Image Source: Mark Elzey
Hulu's Wu-Tang: An American Saga broke new ground in hip-hop storytelling when it first premiered in 2019. The 10-episode biopic series — which tells the true-life story of the Wu-Tang Clan and their rise to fame in the '90s — is growing to be a staple in the TV landscape as a new generation of stars emerges to reintroduce the iconic hip-hop group to the masses. In its first season, the show offers more backstory as to how the crew members met one another, all while transporting viewers to the streets of Staten Island as told through the lens of RZA (played by Ashton Sanders). For season two, the show is finally digging into the group's efforts to successfully break into the music industry with their extraordinary sound.
For many of the cast members — Sanders, Shameik Moore (Raekwon), Siddiq Saunderson (Ghostface Killah), Dave East (Method Man), Julian Elijah Martinez (Divine), Marcus Callender (Power), TJ Atoms (Ol' Dirty Bastard aka ODB), Johnell Young (GZA), Damani D. Sease (U-God), Uyoata Udi (Inspectah Deck), and Zolee Griggs (Shurrie) — the show marks their biggest roles to date. Atoms, who originally auditioned for Moore's part as Raekwon, was tapped to portray ODB on the Hulu series after going out on tons of auditions as a beginner in the acting world. The novice actor — who hails from North Philadelphia — relied on music as his gateway to star on Wu-Tang: An American Saga, and the way he manifested his big break turned out to be a full-circle moment for him. "I started making music first, and that was my first passion," he told POPSUGAR. "I was making music, [and] I used to rap over Wu-Tang beats, so I feel like I definitely manifested the opportunity because I was channeling the energy of Wu-Tang since I was a teenager."
Image Source: Hulu
Unlike his costars, Atoms didn't have the advantage of connecting with his real-life counterpart since ODB died in 2004, so to prepare for his role, he made sure to do his homework on the late rapper and connected with his family to get their stamp of approval. "I just did a lot of research," he said. "A lot of preparing mentally and spiritually. I talked to his family, everybody I could reach, and asked for their blessing, and I just watched everything I could find on [him]." While he wasn't able to share that in-person connection with ODB, Atoms actually found his castmates to be great resources. "I learned a lot from my cast members as far as character skills because they went to college and studied acting their whole life," he said. "I never really had formal training, so I picked up on a lot of character-development skills from them." To be 26 and helm a role as big as ODB, Atoms is just grateful to be a part of a project that's making such a powerful contribution to hip-hop. "It's amazing to be part of something so monumental to the culture," he said. "The Wu-Tang is big to the culture, so I'm really grateful to be one of those chosen kids. I feel like one [in] a million kids wanted the opportunity, but I just got so lucky, manifested it, and it happened."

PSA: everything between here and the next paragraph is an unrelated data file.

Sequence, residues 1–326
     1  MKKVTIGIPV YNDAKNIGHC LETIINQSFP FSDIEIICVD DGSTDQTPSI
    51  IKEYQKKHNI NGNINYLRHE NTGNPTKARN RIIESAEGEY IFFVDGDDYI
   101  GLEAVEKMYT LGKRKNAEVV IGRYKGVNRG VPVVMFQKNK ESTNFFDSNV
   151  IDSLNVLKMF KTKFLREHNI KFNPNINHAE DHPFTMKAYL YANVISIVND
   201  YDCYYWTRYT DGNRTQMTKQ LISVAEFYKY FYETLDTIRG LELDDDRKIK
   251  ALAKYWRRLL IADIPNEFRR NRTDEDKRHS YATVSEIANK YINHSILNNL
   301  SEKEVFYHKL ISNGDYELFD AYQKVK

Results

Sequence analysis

"It's amazing to be part of something so monumental to the culture."
It's rare to see a cast of a show come together and build such organic chemistry together like Wu-Tang: An American Saga has, and according to Atoms, the way we see them bond on screen is almost the same way they bond off screen. "I love my cast, man. They're the coolest," he said. "I didn't even think I would have really f*cked with them as hard as I do. We got a real brotherhood. It's like Wu-Tang on set, and then we got our own thing. We're like Wu-Tang off set, too. We're a new generation for the Wu-Tang."
Fans of the Hulu series are loving the new-age version of the Wu-Tang Clan. The way the show has developed over the last two seasons has given viewers a chance to see these characters truly grow into their personas, and for season two, Atoms made sure he kept everything about his character intact for the people who fell in love with his portrayal of ODB. "Fans [are] loving the character, so I didn't really want to change too much," he said about reprising his role for season two. "I probably enunciated some more words so you can hear me, because it was my first time speaking with grills, but I didn't want to change my method. I didn't want to change anything about how season one went because it went so well. My biggest fear was if I changed something and f*cked the whole thing up, so I tried to stay pretty much the same."
The drama on Wu-Tang: An American Saga adds an enticing layer to the plot, and through it, the show is still able to sprinkle in a few real-life moments for fans to recognize. "Shout-out to the writers, shout-out to the producers, shout-out to the whole team," Atoms said. "This sh*t really takes a big team. This is a classic moment in hip-hop history and the culture altogether." And those classic moments are sure to continue in what we hope will be a third season of the show. Though Atoms isn't certain of everything we can expect to see next season (if and when it's confirmed, that is), he has high hopes that the series will show the next phase of the Wu-Tang Clan when they began to turn into household names.
"For the story, you're going to see what unfolds when the different members get signed to different labels," Atoms said, revealing his predictions for a possible season three. "And we'll see what happens when they really start doing the Wu-Tang thing for real. We're probably going to see tours and shows. A lot of performances and drama, for sure, because RZA was making all the decisions. Everybody didn't agree with RZA's decisions. I don't know if everybody [was unhappy], but I know some people were probably not as happy with RZA making decisions on their behalf, so we're going to see a lot of this and a lot of that."
Wu-Tang: An American Saga is available to stream on Hulu now. The final episode of season two airs on Wednesday, Oct. 27.